Herrin J, Harris KG, Kenward K, Hines S, Joshi MS, Frosch DL., BMJ Qual Saf. pii: bmjqs-2015-004006. doi: 10.1136/bmjqs-2015-004006. [Epub ahead of print], 2015 Jun 16
BACKGROUND: Patient and family engagement (PFE) in healthcare is an important element of the transforming healthcare system; however, the prevalence of various PFE practices in the USA is not known.
OBJECTIVE: We report on a survey of hospitals in the USA regarding their PFE practices during 2013-2014.
RESULTS: The response rate was 42%, with 1457 acute care hospitals completing the survey. We constructed 25 items to summarise the responses regarding key practices, which fell into three broad categories: (1) organisational practices, (2) bedside practices and (3) access to information and shared decision-making. We found a wide range of scores across hospitals. Selected findings include: 86% of hospitals had a policy for unrestricted visitor access in at least some units; 68% encouraged patients/families to participate in shift-change reports; 67% had formal policies for disclosing and apologising for errors; and 38% had a patient and family advisory council. The most commonly reported barrier to increased PFE was 'competing organisational priorities'.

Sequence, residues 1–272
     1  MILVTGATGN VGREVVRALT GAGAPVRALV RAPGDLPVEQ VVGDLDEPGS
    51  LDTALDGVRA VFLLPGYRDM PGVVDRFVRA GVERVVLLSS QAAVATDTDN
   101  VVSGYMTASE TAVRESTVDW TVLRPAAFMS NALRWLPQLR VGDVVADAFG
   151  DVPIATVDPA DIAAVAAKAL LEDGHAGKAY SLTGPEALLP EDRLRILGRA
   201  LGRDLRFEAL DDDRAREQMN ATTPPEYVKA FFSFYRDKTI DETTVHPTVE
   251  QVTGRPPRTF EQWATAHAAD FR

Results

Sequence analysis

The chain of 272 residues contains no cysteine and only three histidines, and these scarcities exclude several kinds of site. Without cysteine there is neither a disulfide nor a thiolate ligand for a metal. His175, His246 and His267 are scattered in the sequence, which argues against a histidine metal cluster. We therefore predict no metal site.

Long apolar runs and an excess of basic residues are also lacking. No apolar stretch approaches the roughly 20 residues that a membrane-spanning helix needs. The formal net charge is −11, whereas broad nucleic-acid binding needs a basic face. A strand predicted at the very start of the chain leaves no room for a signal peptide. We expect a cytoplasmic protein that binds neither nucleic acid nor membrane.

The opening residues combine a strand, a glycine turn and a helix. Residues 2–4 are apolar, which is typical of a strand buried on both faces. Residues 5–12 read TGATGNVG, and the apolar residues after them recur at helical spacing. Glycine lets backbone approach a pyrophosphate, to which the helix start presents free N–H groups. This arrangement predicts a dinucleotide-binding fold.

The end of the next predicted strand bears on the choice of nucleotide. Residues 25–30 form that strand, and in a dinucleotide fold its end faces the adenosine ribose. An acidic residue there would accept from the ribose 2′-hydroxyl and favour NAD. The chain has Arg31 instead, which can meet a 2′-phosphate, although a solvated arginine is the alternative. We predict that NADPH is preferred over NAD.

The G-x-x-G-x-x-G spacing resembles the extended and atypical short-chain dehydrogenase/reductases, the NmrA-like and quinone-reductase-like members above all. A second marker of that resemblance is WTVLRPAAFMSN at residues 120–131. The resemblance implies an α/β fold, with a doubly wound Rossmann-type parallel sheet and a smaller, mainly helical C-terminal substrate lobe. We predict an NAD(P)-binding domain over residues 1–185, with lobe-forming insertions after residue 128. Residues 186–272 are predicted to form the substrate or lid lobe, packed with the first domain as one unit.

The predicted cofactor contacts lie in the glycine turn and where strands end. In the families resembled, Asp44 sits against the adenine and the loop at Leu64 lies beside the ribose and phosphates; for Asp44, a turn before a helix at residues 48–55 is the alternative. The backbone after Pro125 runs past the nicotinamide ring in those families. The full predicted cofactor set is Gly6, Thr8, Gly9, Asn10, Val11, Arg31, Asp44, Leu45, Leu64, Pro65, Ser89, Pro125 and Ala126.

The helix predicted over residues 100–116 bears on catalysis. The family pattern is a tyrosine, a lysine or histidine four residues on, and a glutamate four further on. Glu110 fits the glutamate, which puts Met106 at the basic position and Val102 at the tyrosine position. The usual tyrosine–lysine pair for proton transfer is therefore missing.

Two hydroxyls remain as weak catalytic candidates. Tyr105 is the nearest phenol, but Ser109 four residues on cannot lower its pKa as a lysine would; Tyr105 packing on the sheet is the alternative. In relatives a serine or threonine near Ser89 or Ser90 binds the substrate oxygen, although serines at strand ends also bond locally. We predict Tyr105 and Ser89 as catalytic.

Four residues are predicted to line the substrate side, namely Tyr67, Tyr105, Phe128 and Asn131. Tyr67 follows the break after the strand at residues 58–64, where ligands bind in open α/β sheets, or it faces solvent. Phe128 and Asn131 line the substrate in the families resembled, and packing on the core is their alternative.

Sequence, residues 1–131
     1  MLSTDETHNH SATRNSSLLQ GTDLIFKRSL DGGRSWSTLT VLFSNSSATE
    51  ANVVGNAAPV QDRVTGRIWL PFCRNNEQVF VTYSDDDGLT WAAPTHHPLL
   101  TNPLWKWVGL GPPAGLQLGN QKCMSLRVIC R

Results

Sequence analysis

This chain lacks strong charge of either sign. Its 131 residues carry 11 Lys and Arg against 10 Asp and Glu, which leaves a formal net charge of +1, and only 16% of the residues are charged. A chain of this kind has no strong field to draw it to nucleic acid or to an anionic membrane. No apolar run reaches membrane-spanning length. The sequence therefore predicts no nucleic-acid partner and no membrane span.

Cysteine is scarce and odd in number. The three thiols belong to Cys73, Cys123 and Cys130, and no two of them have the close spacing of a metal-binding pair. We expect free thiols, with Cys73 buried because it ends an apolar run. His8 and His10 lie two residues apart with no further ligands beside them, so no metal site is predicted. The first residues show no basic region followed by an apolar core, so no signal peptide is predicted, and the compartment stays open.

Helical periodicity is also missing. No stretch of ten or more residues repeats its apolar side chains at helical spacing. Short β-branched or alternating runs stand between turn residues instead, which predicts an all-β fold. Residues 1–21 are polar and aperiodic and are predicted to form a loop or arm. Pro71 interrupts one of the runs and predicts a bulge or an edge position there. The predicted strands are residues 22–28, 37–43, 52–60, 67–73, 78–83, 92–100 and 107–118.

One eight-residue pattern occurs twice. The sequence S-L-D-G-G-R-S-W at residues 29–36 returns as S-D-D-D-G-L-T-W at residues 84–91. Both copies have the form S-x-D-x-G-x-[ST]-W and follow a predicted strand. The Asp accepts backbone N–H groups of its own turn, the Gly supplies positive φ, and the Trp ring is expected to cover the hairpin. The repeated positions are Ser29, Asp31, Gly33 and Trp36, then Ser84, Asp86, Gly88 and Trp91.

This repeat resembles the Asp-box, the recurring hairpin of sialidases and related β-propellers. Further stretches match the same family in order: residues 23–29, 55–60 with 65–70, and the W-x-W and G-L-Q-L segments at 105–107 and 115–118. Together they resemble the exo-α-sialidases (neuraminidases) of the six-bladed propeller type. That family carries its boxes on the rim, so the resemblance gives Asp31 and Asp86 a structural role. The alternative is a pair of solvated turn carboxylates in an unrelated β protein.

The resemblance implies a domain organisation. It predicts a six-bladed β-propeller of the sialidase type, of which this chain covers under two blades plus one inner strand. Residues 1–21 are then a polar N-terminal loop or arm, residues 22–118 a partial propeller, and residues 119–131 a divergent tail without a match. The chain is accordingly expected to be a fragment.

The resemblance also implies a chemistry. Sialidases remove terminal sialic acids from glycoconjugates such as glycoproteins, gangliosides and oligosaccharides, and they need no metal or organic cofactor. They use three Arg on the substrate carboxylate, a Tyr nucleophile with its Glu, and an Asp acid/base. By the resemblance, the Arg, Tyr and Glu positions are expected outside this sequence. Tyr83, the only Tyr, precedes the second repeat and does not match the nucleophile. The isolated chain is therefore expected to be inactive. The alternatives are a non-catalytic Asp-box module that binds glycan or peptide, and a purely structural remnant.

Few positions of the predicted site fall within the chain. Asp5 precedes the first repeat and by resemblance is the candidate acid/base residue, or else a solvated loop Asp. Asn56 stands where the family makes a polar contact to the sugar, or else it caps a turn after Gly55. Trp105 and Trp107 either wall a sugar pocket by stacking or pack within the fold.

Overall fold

SUMMARY: Our findings indicate that there is a large variation in hospital implementation of PFE practices, with competing organisational priorities being the most commonly identified barrier to adoption.